Perseverance Rover will try to make air on Mars for the first time

For the first time, NASA will attempt to generate a resource in space.

Inside the Perseverance rover sits a gleaming, toaster-sized appliance. It has nothing to do with the mission’s primary objective of searching for signs of ancient life on the Red Planet, and it’s still technically a prototype, but the device happens to be one of the vehicle’s most demanding components. When switched on, the gleaming gadget will consume nearly a third of Perseverance’s power, running so hot developers had to surround it with one of the best known insulating materials to keep it from damaging the 2.7-billion-dollar machine. Nevertheless, the scientists behind the prototype believe that the experience gained from field-testing it will far outweigh the project’s costs.

‘Major mars missions will all depend on it,’ says Michael Hecht, an MIT researcher and the experiment’s principal investigator. The golden box is called the Mars OXygen In-situ resource utilization Experiment, or MOXIE for short.

MOXIE aims to act like a mechanical tree. It will inhale carbon dioxide from the Martian atmosphere, which is about a hundred times less dense than Earth’s but made up almost entirely of CO2.

The mission’s main goal will be to demonstrate that the technology works on the dusty, desert planet. ‘All sorts of things can work in the lab that don’t work in the field,’ Hecht says. ‘We want to show we can operate in all conditions, no matter if the air is thin or if the air is thick, if it’s cold or if it’s warm, or if it’s dusty,’ Hecht says. The researchers also aim to learn how to best operate MOXIE, which is more complicated than just turning it on and bottling the output.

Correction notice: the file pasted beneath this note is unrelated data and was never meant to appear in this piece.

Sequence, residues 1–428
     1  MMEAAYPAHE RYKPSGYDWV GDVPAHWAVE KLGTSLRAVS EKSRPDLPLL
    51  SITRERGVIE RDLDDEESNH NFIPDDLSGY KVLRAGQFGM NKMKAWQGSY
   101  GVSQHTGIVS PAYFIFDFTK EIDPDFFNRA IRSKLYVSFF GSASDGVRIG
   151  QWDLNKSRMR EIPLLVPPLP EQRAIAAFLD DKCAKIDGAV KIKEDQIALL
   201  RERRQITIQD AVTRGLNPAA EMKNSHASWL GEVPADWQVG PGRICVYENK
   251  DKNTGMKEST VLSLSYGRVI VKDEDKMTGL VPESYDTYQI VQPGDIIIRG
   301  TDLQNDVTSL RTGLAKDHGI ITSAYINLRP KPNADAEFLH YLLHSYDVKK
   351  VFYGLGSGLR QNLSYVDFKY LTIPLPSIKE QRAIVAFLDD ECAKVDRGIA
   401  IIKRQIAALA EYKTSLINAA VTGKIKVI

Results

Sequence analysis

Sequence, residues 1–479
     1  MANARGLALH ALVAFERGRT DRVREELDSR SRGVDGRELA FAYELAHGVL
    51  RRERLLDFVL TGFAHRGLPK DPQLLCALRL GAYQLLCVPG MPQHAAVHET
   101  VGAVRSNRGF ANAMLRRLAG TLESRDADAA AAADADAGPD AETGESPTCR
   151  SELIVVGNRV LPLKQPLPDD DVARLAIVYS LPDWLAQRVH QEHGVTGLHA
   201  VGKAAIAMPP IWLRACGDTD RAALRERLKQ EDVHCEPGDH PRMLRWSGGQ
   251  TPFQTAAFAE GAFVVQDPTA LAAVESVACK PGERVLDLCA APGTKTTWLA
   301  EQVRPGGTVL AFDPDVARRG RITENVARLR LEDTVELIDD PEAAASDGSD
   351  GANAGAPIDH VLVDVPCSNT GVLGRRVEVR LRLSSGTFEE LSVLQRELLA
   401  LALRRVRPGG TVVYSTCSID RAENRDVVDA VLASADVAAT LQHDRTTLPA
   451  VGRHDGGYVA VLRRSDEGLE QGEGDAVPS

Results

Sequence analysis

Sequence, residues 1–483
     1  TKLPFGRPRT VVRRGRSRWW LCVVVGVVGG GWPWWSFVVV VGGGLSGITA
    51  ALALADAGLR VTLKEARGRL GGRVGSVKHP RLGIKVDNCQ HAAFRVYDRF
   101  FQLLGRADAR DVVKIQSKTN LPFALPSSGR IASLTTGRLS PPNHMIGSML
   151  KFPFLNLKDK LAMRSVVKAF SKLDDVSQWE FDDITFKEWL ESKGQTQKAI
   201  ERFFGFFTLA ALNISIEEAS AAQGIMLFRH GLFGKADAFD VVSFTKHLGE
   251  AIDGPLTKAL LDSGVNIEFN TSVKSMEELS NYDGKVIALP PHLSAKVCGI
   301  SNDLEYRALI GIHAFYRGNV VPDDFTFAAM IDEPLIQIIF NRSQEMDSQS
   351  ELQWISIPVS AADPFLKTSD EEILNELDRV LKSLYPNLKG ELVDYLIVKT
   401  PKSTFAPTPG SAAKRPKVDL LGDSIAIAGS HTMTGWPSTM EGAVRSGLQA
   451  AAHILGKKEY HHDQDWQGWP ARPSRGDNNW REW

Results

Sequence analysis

‘At some level, I find it amusing that the enemy of MOXIE is coke,’ Hecht quips. On this mission, the team will tune MOXIE by hand, evading coking and rusting by tweaking how much CO2 it takes in, the voltage it uses, and the temperature it reaches. But Hecht expects future versions will need artificial intelligence to manage it well enough to guarantee astronauts a ride home. Perseverance is the first Mars rover to devote a portion of its precious payload to direct preparation for that future crewed ride, a strategic shift that has been in the works for years.

The agency planned to use Perseverance to answer that fourth question as far back as 2013. ‘Way back at the get-go when they first were soliciting proposals, they said ‘we’re carving out a portion of this to get ready for human exploration,’ Hecht says. NASA hasn’t nailed down the details of its crewed Mars missions, which could begin in 15 to 20 years, but almost all proposals assume the ability to make oxygen there. That means the next MOXIE to leave Earth might be the real deal, and the work on the full-sized version is well underway.

OxEon Energy in Utah, one of the many institutions involved in MOXIE’s development, is already testing a next generation prototype device that can pump out more than two pounds of oxygen per hour. «You put two or three of those together and you’re done,» Hecht says. «That was enough to tell us we made it,» Hecht says, «and that’s not a trivial accomplishment when you’ve just traveled from one planet to another».